so many things reminded me of my own struggles with weight, that I enjoyed this. The main character deals with a lot of issues, handling them through anorexia and cutting, but at the same time tries to be the best big sister she can.
The buzzer sounds. Students float from room to room. The teachers tie us to our chairs and pour worlds into our ears.
“Dead girl walking,” the boys say in the halls.
“Tell us your secrets,” the girls whisper, one toilet to another.
I am that girl.
I am the space between my thighs, daylight shining through.
I am the library aide who hides in Fantasy.
I am the circus freak encased in beeswax.
I am the bones they want, wired on a porcelain frame.
When I get close, they step back. The cameras in their eyeholes record the zit on my chin, the rain in my eyes, the blue water under my skin. They pick up every sound on their collar microphones. They want to pull me inside of them, but they’re afraid.
I am contagious.
This girl shivers and crawls under the covers with all her clothes on and falls into an overdue library book, a faerie story with rats and marrow and burning curses. The sentences build a fence around her, a Times Roman 10-point barricade, to keep the thorny voices in her head from getting too close.
I don’t know how they do it. I don’t know how anybody does it, waking up every morning and eating and moving from the bus to the assembly line, where the teacher-bots inject us with Subject A and Subject B, and passing every test they give us. Our parents provide the list of ingredients and remind us to make healthy choices: one sport, two clubs, one artistic goal, community service, no grades below a B, because really, nobody’s average, not around here. It’s a dance with complicated footwork and a changing tempo.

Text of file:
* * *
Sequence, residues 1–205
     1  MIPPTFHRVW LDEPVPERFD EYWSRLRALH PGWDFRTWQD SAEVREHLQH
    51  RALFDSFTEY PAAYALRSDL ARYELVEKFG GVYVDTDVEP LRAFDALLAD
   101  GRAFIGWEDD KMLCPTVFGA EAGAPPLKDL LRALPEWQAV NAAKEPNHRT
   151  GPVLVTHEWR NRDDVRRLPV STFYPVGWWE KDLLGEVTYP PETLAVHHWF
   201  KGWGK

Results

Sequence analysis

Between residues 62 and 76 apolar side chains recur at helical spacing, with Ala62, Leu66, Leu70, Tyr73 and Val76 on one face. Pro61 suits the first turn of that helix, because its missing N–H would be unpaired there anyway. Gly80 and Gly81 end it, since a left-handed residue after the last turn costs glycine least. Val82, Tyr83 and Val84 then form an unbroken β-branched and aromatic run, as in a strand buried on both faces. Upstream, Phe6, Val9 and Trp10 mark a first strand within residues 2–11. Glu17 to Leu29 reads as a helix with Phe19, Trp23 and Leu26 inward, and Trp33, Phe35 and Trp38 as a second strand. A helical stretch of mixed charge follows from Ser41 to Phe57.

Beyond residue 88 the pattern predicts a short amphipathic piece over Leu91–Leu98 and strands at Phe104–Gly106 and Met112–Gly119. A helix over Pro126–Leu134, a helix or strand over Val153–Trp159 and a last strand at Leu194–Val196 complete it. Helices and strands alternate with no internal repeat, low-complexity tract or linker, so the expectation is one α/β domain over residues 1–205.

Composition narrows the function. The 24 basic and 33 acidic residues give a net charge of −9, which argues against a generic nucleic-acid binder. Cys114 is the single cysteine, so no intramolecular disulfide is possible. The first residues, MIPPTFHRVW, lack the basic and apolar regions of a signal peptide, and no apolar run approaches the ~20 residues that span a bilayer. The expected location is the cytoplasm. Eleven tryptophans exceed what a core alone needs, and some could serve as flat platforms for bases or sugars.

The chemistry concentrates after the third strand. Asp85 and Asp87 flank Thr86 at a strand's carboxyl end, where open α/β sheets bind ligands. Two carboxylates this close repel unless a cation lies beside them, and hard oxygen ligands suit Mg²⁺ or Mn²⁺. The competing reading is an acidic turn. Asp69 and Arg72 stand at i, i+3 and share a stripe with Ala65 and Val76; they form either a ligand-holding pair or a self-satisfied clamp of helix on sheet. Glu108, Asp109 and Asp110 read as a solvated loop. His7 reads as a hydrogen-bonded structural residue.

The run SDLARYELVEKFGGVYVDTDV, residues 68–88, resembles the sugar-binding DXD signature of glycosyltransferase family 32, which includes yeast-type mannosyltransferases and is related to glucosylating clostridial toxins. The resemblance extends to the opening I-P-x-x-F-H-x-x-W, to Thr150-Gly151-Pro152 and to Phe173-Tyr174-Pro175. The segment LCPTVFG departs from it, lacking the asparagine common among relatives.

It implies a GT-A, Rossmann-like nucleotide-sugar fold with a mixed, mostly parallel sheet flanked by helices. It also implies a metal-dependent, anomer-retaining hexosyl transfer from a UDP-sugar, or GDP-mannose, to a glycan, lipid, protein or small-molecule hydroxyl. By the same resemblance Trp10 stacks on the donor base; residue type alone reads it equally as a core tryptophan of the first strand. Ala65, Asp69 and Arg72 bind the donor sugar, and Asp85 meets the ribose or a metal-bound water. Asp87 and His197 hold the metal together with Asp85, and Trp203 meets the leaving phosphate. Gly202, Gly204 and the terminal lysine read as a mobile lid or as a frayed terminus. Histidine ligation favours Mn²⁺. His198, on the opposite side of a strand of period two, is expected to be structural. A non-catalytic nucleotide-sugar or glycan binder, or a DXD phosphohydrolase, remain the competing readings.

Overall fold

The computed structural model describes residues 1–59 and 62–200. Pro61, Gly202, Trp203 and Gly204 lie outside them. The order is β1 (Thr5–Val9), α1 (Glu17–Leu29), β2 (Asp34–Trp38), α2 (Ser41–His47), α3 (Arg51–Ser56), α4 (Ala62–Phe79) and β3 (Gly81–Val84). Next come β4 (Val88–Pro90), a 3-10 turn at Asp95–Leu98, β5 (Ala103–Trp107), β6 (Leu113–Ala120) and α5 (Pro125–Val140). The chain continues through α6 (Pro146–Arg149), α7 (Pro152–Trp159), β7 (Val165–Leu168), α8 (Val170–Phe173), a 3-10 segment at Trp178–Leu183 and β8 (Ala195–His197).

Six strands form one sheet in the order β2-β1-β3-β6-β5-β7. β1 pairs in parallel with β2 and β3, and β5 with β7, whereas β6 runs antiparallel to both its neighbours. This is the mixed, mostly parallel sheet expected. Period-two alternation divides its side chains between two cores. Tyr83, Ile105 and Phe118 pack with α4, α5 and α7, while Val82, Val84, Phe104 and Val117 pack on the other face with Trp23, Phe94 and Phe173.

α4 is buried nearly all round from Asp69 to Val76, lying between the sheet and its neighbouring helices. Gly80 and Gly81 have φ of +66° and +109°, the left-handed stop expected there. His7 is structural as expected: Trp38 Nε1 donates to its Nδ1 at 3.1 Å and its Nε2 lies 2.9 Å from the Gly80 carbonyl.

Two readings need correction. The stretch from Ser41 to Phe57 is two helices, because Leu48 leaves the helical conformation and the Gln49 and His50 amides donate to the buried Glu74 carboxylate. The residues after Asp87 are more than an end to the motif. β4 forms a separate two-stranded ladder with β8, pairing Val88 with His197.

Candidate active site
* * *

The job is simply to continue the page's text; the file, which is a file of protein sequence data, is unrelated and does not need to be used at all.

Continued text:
I’m the girl who trips on the dance floor and can’t find her way to the exit. All eyes on me.
pg. 161 (in response to the old friend’s mother wanting to know why her daughter threw her life away)
Why? You want to know why?
Step into a tanning booth and fry yourself for two or three days. After your skin bubbles and peels off, roll in coarse salt, then pull on long underwear woven from spun glass and razor wire. Over that goes yoru regular clothes as long as they are tight.
Smoke gunpowder and go to school to jump through hoops, sit up and beg, and roll over on command. Listen to the whispers that curl into your head at night, calling you ugly and fat and stupid and bitch and whore and worst of all “a disappointment.” Puke and starve and cut and drink because you don’t want to feel any of this. Puke and starve and cut and drink because you need an anesthetic and it works. For a while. But then the anesthetic turns into poison and by then it’s too late because you are main-lining it now, straight into your soul. It is rotting you and you can’t stop.
Look in a mirror and find a ghost. Hear every heart-beat scream that everysinglething is wrong with you.
“Why?” is the wrong question.
Ask “Why not?”
I am locked into the mirror and there is no door out.
I am spinning the silk threads of my story, weaving the fabric of my world. The tiny elf dancer became a wooden doll whose strings were jerked by people not paying attention. I spun out of control. Eating was hard. Breathing was hard. Living was hardest.
I wanted to swallow the bitter seeds of forgetfulness.
Cassie did, too. We leaned on each other, lost in the dark and wandering in endless circles. She got too tired and went to sleep. Somehow, I dragged myself out of the dark and asked for help.
I spin and weave and knit my words and visions until a life starts to take shape.
There is no magic cure, no making it all go away forever. There are only small steps upward; an easier day, an unexpected laugh, a mirror that doesn’t matter anymore.
I am thawing.